Think back to your last meal. Maybe you scarfed it down elbow-to-elbow with a guy so unaware of your presence he took a sip of your latte. Or maybe you arrived ready to absentmindedly scroll through Instagram alone, but ended up bonding with your new winter boo over a shared love for simple carbohydrates. Point is, we’re no strangers to eating alone. From McDonalds to Momofuku, most restaurants seem to support some form of communal noshing. This new movement raises a couple of questions: How have we become so accepting of dining with strangers? And what does this mean for our wellbeing?

Will Cooper, Executive Creative Director at ASH, says the former is encouraged by thoughtful restaurant design. “I think there is a general movement happening now where restaurants are adding a casual seating area to compliment more serious and slow eating experiences. Within the casual setting, you’re likely going to find some iteration of a communal table, whether it’s bar height with stools or an extra long table with benches.”

“If you are in the same restaurant and sitting at the same table, you likely have something in common with another person who is at the same place at the same time.”

And in case great food isn’t enough to quell the loneliness, solo diners are granted all the bells and whistles they could dream of. “The user will probably be able to power all of their devices in that area, a convenience that most restaurant designers have considered for these tech savvy times,” Will says.

A well-designed communal table should allow its inhabitants the ability to mix and mingle with fellow solos, or tune the world out altogether. “I think you get the best of both worlds,” Will says. “But if you are in the same restaurant and sitting at the same table, you likely have something in common with another person who is at the same place at the same time.”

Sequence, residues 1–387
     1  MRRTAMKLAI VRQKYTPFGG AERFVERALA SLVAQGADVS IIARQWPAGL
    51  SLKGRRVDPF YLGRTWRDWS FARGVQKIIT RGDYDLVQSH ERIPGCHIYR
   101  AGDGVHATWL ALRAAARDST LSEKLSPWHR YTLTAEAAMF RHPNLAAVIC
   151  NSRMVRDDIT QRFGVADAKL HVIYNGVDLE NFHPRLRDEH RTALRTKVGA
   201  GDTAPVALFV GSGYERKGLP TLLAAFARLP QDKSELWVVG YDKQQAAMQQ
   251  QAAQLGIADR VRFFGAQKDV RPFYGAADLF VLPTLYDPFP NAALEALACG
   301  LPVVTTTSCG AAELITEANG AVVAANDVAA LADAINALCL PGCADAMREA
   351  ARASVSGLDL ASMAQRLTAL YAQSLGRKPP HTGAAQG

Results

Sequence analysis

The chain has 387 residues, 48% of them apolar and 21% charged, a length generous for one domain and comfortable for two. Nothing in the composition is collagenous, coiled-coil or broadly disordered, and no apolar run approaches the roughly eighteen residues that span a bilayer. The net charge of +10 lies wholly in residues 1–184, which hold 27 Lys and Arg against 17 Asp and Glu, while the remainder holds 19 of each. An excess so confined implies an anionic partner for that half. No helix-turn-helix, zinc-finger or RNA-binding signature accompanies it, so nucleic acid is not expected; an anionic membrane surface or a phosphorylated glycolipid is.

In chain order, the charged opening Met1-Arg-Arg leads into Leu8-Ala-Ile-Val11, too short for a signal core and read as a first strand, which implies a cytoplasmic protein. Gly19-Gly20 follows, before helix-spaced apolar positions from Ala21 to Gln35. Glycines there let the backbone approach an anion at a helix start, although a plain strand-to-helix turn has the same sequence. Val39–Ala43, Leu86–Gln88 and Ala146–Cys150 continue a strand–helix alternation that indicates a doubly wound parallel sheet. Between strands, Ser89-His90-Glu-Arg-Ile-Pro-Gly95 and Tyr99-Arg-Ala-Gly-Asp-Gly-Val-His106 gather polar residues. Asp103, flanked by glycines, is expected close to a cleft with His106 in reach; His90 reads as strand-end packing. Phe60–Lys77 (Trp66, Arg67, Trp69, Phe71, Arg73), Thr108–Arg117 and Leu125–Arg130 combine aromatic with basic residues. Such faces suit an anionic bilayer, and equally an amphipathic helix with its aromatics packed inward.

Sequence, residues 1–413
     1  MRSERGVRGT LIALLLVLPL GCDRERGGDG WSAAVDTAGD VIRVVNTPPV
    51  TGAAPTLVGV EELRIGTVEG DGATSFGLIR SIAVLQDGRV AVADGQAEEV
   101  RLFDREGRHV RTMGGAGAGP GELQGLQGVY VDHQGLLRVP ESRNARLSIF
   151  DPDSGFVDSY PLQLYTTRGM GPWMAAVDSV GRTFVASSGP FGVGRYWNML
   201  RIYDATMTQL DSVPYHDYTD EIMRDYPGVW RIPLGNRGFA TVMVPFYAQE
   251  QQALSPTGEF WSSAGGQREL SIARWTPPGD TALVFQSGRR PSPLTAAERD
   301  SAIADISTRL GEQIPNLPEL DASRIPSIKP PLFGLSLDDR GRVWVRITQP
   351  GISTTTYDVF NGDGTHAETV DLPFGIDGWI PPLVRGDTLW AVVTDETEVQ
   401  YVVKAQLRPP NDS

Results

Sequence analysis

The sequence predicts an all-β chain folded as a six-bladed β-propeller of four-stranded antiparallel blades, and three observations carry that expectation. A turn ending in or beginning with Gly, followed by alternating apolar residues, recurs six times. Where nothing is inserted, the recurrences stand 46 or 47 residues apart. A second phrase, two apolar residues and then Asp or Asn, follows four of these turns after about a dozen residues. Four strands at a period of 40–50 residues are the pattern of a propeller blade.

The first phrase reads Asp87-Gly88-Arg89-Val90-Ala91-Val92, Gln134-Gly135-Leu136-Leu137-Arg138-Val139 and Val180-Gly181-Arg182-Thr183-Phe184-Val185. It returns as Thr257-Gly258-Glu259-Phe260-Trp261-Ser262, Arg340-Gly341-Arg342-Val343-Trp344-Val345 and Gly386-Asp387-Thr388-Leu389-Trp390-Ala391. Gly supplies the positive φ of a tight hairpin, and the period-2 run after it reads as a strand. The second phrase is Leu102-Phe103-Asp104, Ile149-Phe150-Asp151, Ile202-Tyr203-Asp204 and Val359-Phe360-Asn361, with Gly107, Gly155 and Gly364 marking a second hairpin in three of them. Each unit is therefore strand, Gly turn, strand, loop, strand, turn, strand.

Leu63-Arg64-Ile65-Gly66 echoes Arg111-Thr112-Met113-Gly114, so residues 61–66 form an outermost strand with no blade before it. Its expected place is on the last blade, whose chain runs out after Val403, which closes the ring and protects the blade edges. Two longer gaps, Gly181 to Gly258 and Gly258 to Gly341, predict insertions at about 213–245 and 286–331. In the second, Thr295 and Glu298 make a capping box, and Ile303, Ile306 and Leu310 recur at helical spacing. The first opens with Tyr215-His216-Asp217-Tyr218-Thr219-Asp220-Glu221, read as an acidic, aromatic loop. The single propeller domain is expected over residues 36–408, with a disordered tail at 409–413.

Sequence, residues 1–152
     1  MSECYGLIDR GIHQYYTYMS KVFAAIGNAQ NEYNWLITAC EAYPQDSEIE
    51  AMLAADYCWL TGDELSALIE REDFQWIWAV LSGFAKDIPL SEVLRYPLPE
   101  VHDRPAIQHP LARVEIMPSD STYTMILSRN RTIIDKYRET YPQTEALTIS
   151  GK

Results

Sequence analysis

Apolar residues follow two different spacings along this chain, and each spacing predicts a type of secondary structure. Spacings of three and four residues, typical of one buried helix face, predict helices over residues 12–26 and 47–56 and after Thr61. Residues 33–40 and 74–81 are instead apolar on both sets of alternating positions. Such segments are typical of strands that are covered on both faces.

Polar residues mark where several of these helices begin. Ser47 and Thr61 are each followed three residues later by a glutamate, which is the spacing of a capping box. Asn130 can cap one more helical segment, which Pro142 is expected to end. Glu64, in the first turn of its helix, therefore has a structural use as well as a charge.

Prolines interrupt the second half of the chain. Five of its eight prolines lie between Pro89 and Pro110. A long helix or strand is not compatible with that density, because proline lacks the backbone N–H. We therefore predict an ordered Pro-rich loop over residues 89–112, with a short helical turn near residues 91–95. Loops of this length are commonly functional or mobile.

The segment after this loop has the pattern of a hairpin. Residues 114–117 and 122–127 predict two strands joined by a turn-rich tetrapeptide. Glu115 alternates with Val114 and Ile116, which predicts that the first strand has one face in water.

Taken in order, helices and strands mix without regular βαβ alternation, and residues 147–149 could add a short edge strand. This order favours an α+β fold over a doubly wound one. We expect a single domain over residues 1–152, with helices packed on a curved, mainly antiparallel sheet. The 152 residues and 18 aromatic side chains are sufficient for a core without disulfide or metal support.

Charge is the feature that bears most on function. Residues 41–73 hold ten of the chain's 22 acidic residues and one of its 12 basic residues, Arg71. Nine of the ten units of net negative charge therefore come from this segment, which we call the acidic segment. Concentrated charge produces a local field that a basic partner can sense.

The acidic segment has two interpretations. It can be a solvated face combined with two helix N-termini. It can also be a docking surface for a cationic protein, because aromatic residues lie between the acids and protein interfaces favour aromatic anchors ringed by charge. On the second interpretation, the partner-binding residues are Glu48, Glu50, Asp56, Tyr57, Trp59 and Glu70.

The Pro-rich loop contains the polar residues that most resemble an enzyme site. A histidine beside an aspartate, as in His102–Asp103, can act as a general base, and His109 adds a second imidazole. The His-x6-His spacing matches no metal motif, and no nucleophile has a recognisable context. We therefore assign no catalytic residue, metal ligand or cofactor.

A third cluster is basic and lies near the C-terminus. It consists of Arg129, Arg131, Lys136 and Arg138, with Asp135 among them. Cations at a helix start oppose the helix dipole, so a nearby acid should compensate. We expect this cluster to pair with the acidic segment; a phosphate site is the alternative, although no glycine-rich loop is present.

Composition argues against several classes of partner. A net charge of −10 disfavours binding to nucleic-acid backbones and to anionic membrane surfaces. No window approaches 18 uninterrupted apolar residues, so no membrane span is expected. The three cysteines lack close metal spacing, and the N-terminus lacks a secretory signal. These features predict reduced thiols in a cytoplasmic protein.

Robin Berzin, functional medicine doctor and founder of Parsley Heath, says eating alone (together) could be the key to a more mindful meal. “Eating alone without any distractions allows you to fully focus on what you’re doing. Being present during a meal keeps your nervous system calm and your body ready to properly digest.”

Time spent with loved ones is proven to have positive outcomes, and actually have a much bigger impact on our health than genetics. But research has shown that social pressures affect eating patterns, in both a positive and a negative way, and that obesity has been shown to spread through social relationships. “This is because people tend to alter their food intake to match the intake of dining companions,” Robin says. “So eating in a group, if that group is health-aware and upbeat, can be really good for you. But if eating alone (without a phone or laptop) helps you be more mindful, which it likely would, then that’s the winning combination.”

Whatever your dining habits — alone, or with strangers or loved ones — Robin’s advice is to slow down when it’s time to eat. “Take a breath before you start to bring your attention, and your digestion, to the task at hand. Don’t eat while standing or working or watching a screen. Give your body the focus it deserves. Make mealtimes a big deal. If you are what you eat then how you eat it matters too.”

Originally published at